Three Dollar Bill: The Gaytona 500

The Gaytona 500

Queers4Gears' Michael Myers at the track
Photo: Courtesy Michael Myers

Montreal stock-car racing legend Dick Foley was not just the first Canadian to race in the Daytona 500, back in 1959, but Foley also inadvertently caused the biggest pile-up in NASCAR history at Daytona Speedway the following year.

After losing, then regaining, control of his Chevy Impala – the words "Montreal, Canada" painted on his fenders – Foley spun out into the infield. Thirty-seven cars (in a record 73-car field) behind Foley weren’t so lucky, crashing in a spectacular demolition derby that you can still see by surfing to

Stock-car racing’s storied bootlegging past, car crashes and stunts – one driver was even offered $1,000 cash to race without a roof in Daytona’s 1959 inaugural race – established NASCAR as a macho club of good ole boys, thrill-seekers and speed demons.

Over the decades, everybody knows there have been gay drivers in NASCAR – though just one has ever publicly come out of the closet, Massachusetts-born Evan Darling, who recently told the Florida Agenda newspaper, "I don’t have a big gay flag on my racing suit. My partner always came to the races with me. And [other drivers] never had an issue with that."

Continues Darling, "However, since I’ve turned pro some of the teams have talked about me behind my back. They’re just pussies, they don’t want to talk to your face. If you ask them if there’s a problem, they say ‘No,’ they’re okay with it, but then you hear the stories of what they say behind your back. That’s just how it is and I don’t care. I’m happy and comfortable with myself and I think we should all be that way."

I’m not surprised Darling is treated this way considering the God-awful homophobic reaction to the news that racer Tim Richmond – one of the first drivers to switch from open-wheel racing to stock-car racing – died of AIDS back in August 1989, at the height of the AIDS hysteria. Richmond was just 34.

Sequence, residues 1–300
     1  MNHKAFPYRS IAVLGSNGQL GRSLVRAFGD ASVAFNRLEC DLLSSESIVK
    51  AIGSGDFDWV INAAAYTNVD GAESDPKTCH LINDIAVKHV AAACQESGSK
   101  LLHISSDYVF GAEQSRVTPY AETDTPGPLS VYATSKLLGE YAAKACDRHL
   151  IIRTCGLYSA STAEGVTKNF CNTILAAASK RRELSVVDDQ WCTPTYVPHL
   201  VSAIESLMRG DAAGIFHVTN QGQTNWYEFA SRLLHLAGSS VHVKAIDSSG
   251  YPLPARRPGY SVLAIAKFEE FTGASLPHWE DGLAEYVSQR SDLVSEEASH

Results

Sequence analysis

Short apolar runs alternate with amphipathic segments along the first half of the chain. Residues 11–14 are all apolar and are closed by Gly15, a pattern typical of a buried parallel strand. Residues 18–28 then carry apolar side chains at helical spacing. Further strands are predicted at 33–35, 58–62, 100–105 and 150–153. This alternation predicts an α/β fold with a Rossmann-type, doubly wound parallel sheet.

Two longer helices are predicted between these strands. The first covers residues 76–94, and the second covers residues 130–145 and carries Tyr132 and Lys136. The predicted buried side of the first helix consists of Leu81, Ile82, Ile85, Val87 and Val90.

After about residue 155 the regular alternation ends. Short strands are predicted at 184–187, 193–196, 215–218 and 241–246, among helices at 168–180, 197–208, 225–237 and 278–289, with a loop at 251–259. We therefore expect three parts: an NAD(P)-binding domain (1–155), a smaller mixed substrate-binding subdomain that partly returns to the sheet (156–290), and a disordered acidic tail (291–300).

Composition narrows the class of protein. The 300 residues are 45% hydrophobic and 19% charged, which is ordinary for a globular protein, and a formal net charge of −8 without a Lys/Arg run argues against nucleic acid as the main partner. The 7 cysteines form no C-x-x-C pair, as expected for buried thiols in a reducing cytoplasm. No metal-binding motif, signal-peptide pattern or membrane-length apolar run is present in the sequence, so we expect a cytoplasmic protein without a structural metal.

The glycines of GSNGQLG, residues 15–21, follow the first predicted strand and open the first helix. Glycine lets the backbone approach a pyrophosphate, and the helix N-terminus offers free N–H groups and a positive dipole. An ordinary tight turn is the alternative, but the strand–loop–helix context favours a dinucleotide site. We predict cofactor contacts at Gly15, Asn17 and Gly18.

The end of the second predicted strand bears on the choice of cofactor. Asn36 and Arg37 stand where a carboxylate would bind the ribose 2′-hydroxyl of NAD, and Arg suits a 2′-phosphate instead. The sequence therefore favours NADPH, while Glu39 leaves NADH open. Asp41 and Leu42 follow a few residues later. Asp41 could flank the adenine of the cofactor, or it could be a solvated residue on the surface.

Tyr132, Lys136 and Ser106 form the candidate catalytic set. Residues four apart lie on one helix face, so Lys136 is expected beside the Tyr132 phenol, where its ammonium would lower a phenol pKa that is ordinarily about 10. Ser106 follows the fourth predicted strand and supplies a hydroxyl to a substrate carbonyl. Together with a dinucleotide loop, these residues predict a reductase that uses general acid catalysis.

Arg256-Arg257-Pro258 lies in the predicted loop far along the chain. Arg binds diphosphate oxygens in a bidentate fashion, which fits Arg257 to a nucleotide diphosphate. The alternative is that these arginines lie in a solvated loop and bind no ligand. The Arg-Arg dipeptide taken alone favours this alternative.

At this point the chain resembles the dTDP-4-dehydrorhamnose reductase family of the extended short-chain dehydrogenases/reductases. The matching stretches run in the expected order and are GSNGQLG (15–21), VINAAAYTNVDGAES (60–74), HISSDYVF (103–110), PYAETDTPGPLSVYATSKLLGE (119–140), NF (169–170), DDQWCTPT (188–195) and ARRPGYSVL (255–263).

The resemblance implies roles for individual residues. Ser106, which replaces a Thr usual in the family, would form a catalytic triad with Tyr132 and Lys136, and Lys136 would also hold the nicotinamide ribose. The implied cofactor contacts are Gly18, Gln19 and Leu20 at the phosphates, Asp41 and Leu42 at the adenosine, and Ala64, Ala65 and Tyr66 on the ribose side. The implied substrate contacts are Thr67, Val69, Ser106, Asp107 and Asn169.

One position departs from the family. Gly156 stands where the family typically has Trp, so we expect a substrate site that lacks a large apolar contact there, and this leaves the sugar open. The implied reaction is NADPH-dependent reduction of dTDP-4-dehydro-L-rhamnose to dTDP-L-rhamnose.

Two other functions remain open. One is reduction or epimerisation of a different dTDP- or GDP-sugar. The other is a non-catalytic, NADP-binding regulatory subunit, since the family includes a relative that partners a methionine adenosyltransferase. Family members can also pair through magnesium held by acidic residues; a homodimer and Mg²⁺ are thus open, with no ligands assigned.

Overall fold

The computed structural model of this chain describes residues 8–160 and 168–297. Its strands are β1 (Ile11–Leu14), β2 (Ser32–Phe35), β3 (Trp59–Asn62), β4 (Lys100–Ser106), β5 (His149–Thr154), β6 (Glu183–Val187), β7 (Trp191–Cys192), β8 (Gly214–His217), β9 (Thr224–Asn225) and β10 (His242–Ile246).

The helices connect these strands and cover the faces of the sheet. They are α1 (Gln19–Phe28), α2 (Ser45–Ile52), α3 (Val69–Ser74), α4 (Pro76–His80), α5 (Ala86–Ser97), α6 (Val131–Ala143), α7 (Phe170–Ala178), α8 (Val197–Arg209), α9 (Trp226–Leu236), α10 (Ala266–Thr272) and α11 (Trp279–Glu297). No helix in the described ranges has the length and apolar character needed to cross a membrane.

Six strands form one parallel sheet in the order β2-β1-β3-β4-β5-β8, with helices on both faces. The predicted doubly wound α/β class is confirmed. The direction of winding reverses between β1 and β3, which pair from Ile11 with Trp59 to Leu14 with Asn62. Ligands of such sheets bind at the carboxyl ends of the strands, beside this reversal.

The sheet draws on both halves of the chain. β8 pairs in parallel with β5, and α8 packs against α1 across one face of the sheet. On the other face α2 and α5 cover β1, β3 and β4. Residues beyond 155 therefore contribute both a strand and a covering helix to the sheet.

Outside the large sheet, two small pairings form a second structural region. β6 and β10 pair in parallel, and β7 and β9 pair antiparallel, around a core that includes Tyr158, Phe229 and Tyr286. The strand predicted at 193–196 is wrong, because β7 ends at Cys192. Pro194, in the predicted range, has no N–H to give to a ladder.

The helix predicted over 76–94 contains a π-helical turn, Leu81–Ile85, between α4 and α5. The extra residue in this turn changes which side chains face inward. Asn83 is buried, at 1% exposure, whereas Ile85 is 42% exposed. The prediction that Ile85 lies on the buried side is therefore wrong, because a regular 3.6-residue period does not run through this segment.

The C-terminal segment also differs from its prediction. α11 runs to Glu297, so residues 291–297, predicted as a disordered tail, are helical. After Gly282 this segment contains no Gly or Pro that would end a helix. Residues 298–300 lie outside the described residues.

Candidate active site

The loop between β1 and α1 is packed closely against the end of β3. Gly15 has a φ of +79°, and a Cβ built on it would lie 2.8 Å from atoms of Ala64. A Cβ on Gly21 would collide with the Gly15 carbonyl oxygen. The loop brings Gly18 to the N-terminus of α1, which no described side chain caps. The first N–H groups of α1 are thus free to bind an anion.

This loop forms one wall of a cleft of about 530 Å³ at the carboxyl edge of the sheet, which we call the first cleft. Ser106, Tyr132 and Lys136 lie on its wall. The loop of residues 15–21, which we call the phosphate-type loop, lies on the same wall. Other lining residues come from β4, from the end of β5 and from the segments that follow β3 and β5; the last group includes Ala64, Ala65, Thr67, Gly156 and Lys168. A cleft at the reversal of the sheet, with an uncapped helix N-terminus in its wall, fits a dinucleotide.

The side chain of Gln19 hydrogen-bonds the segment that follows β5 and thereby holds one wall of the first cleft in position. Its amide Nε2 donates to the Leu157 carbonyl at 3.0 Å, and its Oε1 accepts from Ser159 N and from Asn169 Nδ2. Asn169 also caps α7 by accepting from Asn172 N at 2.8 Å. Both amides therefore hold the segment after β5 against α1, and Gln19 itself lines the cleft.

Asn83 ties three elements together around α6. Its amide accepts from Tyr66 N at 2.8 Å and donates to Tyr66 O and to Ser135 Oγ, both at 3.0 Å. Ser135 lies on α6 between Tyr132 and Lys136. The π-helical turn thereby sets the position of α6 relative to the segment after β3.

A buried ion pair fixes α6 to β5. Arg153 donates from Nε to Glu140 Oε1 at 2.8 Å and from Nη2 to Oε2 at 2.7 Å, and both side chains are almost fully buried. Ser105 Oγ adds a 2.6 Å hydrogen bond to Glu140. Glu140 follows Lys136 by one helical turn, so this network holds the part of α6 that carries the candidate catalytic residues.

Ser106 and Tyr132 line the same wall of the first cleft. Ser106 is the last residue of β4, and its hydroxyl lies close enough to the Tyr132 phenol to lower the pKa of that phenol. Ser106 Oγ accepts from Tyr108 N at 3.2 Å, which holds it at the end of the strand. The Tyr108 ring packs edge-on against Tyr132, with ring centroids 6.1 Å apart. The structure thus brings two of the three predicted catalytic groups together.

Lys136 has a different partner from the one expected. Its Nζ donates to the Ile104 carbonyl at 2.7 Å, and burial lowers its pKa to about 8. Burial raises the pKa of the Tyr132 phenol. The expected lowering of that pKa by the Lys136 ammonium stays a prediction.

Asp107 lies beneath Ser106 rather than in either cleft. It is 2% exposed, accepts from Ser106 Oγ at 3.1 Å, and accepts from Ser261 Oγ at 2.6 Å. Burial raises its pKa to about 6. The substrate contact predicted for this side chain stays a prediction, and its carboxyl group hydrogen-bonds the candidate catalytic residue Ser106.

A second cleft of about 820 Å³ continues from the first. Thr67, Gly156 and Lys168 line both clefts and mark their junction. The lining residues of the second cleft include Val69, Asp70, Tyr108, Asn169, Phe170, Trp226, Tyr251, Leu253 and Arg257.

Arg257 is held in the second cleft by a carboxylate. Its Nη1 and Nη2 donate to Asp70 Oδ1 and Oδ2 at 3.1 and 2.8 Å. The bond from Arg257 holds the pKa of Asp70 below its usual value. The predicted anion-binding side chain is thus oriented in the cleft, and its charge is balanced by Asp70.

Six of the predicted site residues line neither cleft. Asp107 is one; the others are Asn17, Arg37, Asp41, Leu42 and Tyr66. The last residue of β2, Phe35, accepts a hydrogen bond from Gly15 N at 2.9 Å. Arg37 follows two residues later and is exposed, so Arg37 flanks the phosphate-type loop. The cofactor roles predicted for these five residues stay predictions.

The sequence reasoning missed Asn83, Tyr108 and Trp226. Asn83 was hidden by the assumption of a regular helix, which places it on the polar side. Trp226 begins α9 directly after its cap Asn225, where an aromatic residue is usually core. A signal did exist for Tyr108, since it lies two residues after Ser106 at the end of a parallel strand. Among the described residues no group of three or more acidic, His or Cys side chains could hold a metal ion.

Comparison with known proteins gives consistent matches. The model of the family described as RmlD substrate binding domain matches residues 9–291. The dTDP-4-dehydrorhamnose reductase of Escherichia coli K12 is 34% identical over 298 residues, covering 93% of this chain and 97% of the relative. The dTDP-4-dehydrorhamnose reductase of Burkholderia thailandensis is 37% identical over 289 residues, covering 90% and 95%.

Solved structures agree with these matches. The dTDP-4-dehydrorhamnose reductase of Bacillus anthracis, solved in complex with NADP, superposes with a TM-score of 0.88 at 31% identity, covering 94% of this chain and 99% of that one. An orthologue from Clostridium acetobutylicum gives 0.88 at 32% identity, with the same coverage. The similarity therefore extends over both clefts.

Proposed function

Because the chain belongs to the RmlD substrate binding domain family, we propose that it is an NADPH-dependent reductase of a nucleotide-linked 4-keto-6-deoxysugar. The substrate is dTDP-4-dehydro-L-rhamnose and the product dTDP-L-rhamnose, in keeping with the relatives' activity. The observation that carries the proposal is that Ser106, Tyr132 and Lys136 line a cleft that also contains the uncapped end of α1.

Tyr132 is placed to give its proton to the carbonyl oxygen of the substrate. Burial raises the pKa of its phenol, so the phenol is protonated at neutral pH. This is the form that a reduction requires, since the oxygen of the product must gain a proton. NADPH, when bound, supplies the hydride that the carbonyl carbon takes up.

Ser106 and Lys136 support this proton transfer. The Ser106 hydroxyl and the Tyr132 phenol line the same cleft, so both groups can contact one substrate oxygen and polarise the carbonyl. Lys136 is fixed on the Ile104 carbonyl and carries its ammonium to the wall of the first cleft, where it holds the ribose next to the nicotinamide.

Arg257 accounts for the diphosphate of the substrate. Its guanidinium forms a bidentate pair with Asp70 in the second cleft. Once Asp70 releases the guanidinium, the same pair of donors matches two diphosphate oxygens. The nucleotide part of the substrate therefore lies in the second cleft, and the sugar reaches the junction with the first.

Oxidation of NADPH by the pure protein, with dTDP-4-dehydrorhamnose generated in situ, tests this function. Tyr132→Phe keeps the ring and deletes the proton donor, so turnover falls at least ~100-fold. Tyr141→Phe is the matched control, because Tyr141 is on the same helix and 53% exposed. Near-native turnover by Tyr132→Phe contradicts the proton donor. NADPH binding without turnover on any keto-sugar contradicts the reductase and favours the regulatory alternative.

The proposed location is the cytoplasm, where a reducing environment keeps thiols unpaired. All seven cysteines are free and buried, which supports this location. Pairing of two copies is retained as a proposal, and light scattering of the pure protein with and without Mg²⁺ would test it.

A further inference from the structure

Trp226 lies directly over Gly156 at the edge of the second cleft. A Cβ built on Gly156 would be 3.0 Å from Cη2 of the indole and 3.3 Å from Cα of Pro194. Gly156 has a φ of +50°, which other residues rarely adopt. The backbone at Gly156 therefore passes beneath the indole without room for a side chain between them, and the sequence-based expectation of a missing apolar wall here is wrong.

"Folks now admit, ‘We were ashamed of how we acted back then. We were ignorant, we thought HIV equalled gay, we did Tim Richmond wrong,’" says Vegas-based gay NASCAR fan Michael Myers, who started the NASCAR racing website called back in Sept. 2009. "NASCAR is very charitable and donates lots of money to various charities each year. But if they really learnt their lesson [about Tim Richmond], then [AIDS] would be a cause they would give money to."

Queers4Gears is not the first racing website for gay racing fans – that honour goes to, run by 30-year gay couple Betty Jack DeVine and Dixie Richardson.

But the limited popularity of both sites (Queers4Gears currently draws 2,000 monthly unique visitors) suggests gay racing fans aren’t exactly prepared to show their true colours – yet.

"NASCAR has more fans who are accepting of me being gay than gays have been accepting of me being a NASCAR fan," says Myers, who – like driver Evan Darling – doesn’t wear the rainbow colours to the track. "I don’t preach about [gay] politics or gay marriage on the site; I don’t have stickers all over my car. Yes, people know I’m gay but I try to just focus on the racing. I do what I call the ‘gaynalysis’ and I call all the drivers divas. For the most part I just want to focus on the races."

When anti-gay preacher James Dobson of Focus on the Family delivered the invocation before a race in Atlanta last August, Myers took some heat for not commenting on the choice of Dobson. "Everybody wanted me to come down harshly on the track. But if I focus on who sings the anthems and complain about who delivers the invocations at every race, I’m going to be seen as a [pain in the ass]. I want to save my bullets for what matters."

Like me, Myers – accredited by NASCAR – would love to see a drag queen drive a pace car at a NASCAR race one day.

"But if there’s a gay driver in the starting grid at Daytona this weekend, I don’t see them coming out any day soon – not in NASCAR or Indycar, though I could see it happening in Formula One, with the European influence. I also think NASCAR pit crews will be more accepting of gay drivers before NASCAR fans are."

About my column two summers ago with NASCAR racer Carl Edwards ("I love all my fans – all of them!" Edwards happily told me), Myers says, "I remember that interview. Carl is very gay-positive and drivers like him are the future of NASCAR."

As for Montreal’s NASCAR race at Circuit Gilles-Villeneuve, Myers says, "Last summer’s race in Montreal was one of the best races I’ve ever seen in my life! The storyline, that track – I’d love to come up there one day. Talladega and Montreal – those are the two tracks I really want to see."


Essential buttplug NASCAR launches its 2011 Sprint Cup season with the 53rd annual Daytona 500, which airs on Fox, Feb. 20 at 1 p.m.

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